Two “evil” brothers who murdered vulnerable pensioners during “vicious” robberies have been jailed for life.
Amos Wilsher, 29, and Jason Wilsher, 23, inflicted fatal injuries on retired businessman Arthur Gumbley, 87, after breaking into his bungalow in Little Aston, Staffordshire.
Amos Wilsher was also convicted of murdering great-grandmother Josephine Kaye, 88, at home in Stoke-on-Trent, arriving alone posing as a gas worker.
He is already serving a 12-year term, passed in 2020 for beating a pensioner around the head in Brentwood, Essex, in 2018, Coventry Crown Court heard.
On Friday, he was handed two life terms and must serve a minimum of 38 years – as sentencing judge, Mr Justice Henshaw, said he posed a “significant risk to members of the public of serious harm”.
Jason Wilsher was sentenced to life with a minimum of 25 years behind bars.
But the judge decided not to impose a whole life order on Amos Wilsher, telling both brothers the murders are “mitigated by your lack of intention to kill” .Both men – described in court as being members of a large family from the Traveler community with links to Derbyshire and Leicestershire – were convicted of murder after a trial at the court.
They were also convicted of conspiracy to rob and wounding with intent after attacking a third pensioner, 82-year-old Dennis Taylor, at his home near Bolsover, Derbyshire – days before Mr Gumbley.
Arthur Gumbley’s injuries “too much to withstand”
The brothers, together with a third accomplice, smashed their way into Mr Gumbley’s home before punching him in the face, kicking him in the shoulder and back, then dragging him through his property, the court heard.
“They ripped his watch from his wrist, tearing the fragile skin from the back of his hand,” said prosecutor Simon Denison QC.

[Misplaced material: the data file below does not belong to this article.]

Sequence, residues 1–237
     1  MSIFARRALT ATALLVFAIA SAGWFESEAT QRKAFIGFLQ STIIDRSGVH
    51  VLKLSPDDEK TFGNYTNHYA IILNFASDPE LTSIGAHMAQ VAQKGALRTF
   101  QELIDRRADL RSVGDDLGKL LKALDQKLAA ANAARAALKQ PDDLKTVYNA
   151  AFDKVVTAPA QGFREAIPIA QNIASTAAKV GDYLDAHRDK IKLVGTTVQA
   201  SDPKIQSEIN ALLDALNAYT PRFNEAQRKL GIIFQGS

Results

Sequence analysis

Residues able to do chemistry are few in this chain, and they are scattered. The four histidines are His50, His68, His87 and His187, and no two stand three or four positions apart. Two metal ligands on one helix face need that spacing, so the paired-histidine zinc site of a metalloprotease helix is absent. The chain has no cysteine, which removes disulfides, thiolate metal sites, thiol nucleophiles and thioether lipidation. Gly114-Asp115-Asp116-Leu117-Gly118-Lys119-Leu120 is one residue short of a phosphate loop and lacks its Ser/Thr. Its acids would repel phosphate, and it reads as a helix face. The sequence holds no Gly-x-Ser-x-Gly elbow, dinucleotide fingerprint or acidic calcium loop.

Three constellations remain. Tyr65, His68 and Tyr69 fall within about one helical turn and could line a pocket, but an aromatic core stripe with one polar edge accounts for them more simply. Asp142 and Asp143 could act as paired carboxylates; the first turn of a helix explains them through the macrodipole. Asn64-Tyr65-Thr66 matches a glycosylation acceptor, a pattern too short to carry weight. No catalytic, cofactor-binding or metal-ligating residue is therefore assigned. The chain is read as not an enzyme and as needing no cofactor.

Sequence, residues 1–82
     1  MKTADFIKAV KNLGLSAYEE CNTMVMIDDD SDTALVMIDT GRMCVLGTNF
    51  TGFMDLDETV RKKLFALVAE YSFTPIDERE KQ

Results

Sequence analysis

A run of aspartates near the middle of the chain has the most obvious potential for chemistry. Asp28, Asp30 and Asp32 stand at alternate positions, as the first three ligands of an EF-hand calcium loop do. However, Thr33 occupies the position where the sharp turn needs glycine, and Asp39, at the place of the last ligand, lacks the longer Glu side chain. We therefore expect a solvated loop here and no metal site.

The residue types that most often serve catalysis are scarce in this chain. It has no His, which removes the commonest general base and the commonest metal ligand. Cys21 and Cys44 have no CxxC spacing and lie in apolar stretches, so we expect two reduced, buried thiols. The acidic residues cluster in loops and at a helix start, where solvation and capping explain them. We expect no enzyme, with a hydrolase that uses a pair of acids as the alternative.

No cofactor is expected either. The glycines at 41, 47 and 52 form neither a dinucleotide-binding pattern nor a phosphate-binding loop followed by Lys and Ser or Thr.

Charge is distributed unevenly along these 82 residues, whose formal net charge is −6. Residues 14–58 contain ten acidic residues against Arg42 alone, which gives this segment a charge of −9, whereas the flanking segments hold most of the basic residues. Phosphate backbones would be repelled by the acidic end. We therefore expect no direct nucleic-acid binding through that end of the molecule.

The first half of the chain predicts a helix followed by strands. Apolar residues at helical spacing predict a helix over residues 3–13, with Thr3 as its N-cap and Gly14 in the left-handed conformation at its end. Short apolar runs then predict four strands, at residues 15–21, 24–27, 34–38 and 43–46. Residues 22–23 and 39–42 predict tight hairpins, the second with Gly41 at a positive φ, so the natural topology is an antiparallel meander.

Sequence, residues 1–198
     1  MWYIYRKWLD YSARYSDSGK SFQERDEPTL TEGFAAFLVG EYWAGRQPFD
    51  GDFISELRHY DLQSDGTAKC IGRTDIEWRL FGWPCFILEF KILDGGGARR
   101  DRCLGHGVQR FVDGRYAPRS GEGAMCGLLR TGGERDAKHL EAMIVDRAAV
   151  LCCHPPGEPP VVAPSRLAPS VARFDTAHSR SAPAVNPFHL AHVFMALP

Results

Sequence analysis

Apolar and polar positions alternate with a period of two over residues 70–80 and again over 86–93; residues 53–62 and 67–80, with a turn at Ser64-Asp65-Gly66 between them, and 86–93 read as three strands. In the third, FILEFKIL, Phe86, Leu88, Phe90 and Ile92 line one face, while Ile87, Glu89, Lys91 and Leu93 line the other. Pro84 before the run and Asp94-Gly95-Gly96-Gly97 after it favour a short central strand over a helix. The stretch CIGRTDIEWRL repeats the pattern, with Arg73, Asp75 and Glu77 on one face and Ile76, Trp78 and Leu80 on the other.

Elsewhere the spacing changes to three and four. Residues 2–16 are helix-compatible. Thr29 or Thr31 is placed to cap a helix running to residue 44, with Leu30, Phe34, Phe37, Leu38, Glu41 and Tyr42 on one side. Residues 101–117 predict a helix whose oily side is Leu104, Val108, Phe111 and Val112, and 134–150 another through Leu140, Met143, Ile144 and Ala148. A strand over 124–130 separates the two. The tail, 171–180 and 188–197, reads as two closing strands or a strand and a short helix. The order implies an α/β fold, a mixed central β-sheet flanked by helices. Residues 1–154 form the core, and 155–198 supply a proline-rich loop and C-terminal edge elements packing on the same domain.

“They ransacked his house, and they took money, items of jewelery that had belonged to his late wife, and a number of antique items that he had accumulated over the course of his long life.”
He suffered a brain injury, rib fractures and widespread bruising after his ordeal and died in hospital three weeks later on 12 December, 2017.
Pictures of his injuries were released by the police to the media, with the consent of his family, in a bid to catch his killers.
Jason Wilsher was found guilty of Mr Gumbley’s murder in 2019 but granted a retrial, despite DNA evidence linking him to the scene.
What happened to Josephine Kaye?
Irish-born Mrs Kaye, who was just 4ft 8in and lived alone, was thrown to the floor and suffered a broken leg on 27 February, 2020.
She died in hospital the following month, jurors heard.
Amos Wilsher escaped with a safe containing £ 20,000 but was linked to the murder by DNA evidence found on items including a screwdriver, hat, security light and soap tin, together with a fingerprint on the side of a car.
He was arrested at a hotel and spa in Lincoln two weeks after the attack.
Dennis Taylor survived despite ‘significant injuries’
Three masked men including the Wilsher siblings pretended to be police officers before launching a brutal attack on Mr Taylor on 25 November, 2017, leaving him with a broken nose and fractured fingers.
They rained blows on him using a baseball bat and walking stick before fleeing the scene with £ 800 cash, watches and jewelery.
“Justice has been done”
Relatives of Mr Gumbley, known as “Bob”, said in a statement: “We now have justice for the murder of our dad and we can move forward with our lives.”
Mrs Kaye’s daughter, Barbara, paid tribute to her “kind, generous and compassionate mother”.
“Whilst we accept this verdict, nothing can bring my dearest mum back to me or my family,” she added.
“She has been taken from us far too early, and in such a senseless cruel and evil way, perpetrated by pure evil.”
Mr Taylor’s family described their pride at him attending court and giving evidence, now aged 86, and said “justice has now been served”.